Nurses to rally at facilities nationwide over staffing

Thousands of nurses represented by National Nurses United plan to rally nationwide Jan. 26 to call on hospitals to provide safe staffing.

Actions are scheduled in Arizona, California, Florida, Georgia, Kansas, Minnesota, Missouri, North Carolina, New York and Texas. Some of the actions will involve workers at facilities that are part of Nashville, Tenn.-based HCA Healthcare, St. Louis-based Ascension, Oakland, Calif.-based Kaiser Permanente, and Providence, which has system offices in Renton, Wash., and Irvine, Calif., according to a Jan. 24 union news release. More information about the actions is available here

Union members said they "will highlight the ongoing 'quad-demic' fueled by the hospital industry’s prioritization of money over patient care." They contend this winter's surge in respiratory syncytial virus, flu and COVID-19 patients resulted in staffing shortages and crisis conditions at hospitals.

"We're the most trusted profession in America because we do everything in our power to take care of our patients," NNU Executive Director Bonnie Castillo, RN, said in a news release, referencing nursing being ranked the most trusted profession for 22nd year in a row. "On our national day of action, NNU members will stand up for staffing models that adequately protect patients, nurses and our communities against public health crises."

The California Hospital Association contends that the protests ignore the realities of staffing shortages.

"The healthcare workforce shortage is very real," Carmela Coyle, president and CEO of the association, said in a statement shared with Becker's. "California's hospitals, like hospitals throughout the nation and across the world, face the worst staffing shortages in memory. More than three-quarters (78 percent) of hospitals in California have experienced an increase in staff turnover since the end of 2019 (just prior to the start of the pandemic).

"There simply are not enough workers to meet California's surging healthcare needs."

Amid challenges such as inflation, workers leaving their jobs and Medicaid funding shortfalls, California hospitals welcome opportunities to partner with nurses, healthcare technicians and others to find creative and sustainable solutions to workforce challenges, Ms. Coyle said.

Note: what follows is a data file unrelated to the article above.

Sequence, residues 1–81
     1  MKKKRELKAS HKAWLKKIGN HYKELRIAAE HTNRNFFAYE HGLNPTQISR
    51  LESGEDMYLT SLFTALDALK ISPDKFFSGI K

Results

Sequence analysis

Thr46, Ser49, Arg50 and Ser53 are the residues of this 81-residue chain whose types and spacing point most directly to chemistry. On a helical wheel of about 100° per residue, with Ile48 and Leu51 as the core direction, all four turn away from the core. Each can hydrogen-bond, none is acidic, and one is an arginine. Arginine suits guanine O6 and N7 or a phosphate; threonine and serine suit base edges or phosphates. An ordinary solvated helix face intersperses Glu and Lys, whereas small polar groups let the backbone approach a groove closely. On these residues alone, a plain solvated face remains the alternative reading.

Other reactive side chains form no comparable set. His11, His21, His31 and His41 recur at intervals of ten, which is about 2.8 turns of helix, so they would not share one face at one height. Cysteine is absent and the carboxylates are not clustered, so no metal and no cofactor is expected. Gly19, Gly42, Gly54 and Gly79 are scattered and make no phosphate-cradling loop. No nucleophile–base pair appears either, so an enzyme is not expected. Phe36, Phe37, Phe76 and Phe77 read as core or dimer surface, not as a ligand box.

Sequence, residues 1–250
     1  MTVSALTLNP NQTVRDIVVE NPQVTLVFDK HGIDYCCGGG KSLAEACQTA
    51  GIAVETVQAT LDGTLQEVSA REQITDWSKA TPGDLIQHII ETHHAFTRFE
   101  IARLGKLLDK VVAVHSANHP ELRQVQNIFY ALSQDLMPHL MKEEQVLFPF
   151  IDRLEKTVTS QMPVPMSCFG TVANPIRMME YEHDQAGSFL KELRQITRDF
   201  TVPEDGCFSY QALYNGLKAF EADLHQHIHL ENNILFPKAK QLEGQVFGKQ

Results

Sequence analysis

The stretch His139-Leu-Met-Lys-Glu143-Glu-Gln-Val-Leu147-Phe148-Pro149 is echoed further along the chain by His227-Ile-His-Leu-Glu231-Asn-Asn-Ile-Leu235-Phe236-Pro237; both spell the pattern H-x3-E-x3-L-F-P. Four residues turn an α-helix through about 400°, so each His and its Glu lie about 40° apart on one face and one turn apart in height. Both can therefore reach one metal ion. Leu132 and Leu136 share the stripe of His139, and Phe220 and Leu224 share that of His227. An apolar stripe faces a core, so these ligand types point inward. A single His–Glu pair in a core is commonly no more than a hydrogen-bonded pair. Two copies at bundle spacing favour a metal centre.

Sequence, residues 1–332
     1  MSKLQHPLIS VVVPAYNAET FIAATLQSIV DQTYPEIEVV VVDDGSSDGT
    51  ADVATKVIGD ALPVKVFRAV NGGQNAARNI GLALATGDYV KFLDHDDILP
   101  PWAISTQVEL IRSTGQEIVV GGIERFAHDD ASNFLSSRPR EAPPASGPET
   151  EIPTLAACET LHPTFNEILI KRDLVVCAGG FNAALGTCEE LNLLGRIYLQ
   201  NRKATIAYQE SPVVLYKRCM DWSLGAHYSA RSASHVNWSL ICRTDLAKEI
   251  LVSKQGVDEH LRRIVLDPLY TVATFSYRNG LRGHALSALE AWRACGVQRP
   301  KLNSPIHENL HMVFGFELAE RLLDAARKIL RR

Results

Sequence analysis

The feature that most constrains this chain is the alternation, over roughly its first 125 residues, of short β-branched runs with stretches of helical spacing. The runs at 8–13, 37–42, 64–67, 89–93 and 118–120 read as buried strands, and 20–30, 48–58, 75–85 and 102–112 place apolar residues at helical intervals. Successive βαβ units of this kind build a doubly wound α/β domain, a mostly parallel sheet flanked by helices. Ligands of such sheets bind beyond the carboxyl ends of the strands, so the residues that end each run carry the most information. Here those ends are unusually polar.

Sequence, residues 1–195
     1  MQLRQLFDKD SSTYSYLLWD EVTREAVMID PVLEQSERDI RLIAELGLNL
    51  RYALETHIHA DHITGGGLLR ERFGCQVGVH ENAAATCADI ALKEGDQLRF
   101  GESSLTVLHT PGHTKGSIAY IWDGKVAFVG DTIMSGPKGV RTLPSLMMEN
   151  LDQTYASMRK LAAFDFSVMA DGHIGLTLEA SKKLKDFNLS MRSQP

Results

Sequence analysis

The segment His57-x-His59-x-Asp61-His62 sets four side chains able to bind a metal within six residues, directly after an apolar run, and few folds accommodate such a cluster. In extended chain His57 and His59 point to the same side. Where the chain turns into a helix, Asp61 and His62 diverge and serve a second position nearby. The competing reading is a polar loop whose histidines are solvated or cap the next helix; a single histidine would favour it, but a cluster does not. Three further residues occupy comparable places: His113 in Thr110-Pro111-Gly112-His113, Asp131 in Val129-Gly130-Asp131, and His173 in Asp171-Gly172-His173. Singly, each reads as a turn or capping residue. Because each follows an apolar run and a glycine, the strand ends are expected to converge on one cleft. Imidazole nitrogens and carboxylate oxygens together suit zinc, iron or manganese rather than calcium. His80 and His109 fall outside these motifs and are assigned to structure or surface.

Providence Little Company of Mary Medical Center Torrance (Calif.), one of the facilities where an action is scheduled, said in a statement that it respects workers and their right to participate in union activities "but would prefer to avoid tactics aimed at swaying public opinion."

The statement also said patient care will not be affected by the Jan. 26 informational picket, which is not a strike, and that the hospital is committed to and values all its caregivers.

HCA's Corpus Christi (Texas) Medical Center, another facility where an action is scheduled, shared the following statement: "The reality is, against the backdrop of a national nursing shortage, exacerbated by a pandemic and continuing patient surges, our staffing is safe, appropriate and in line with other community hospitals and applicable regulations."

The hospital also pointed the 60 nurses it hired in January and 178 nurses it hired in 2022. Additionally, it pointed to recent recognitions it received for quality and safety, such as an "A" patient safety score from the Leapfrog Group.

"We value all members of our care teams, and neither this nor any other labor union activity will interfere with our commitment to quality, safe patient care and services to our patients and this community," Corpus Christi Medical Center said.

Becker's reached out to Ascension for comment and will update this story if more information becomes available.

The day of action comes as at least four states have recently proposed staffing ratios, which would limit the number of patients a nurse could be assigned at a given time. California is currently the only state that mandates nurse-to-patient ratios. National Nurses United said it supports efforts to pass federal legislation to establish safe staffing and nurse-to-patient ratio standards, in addition to efforts to address staffing during contract negotiations.

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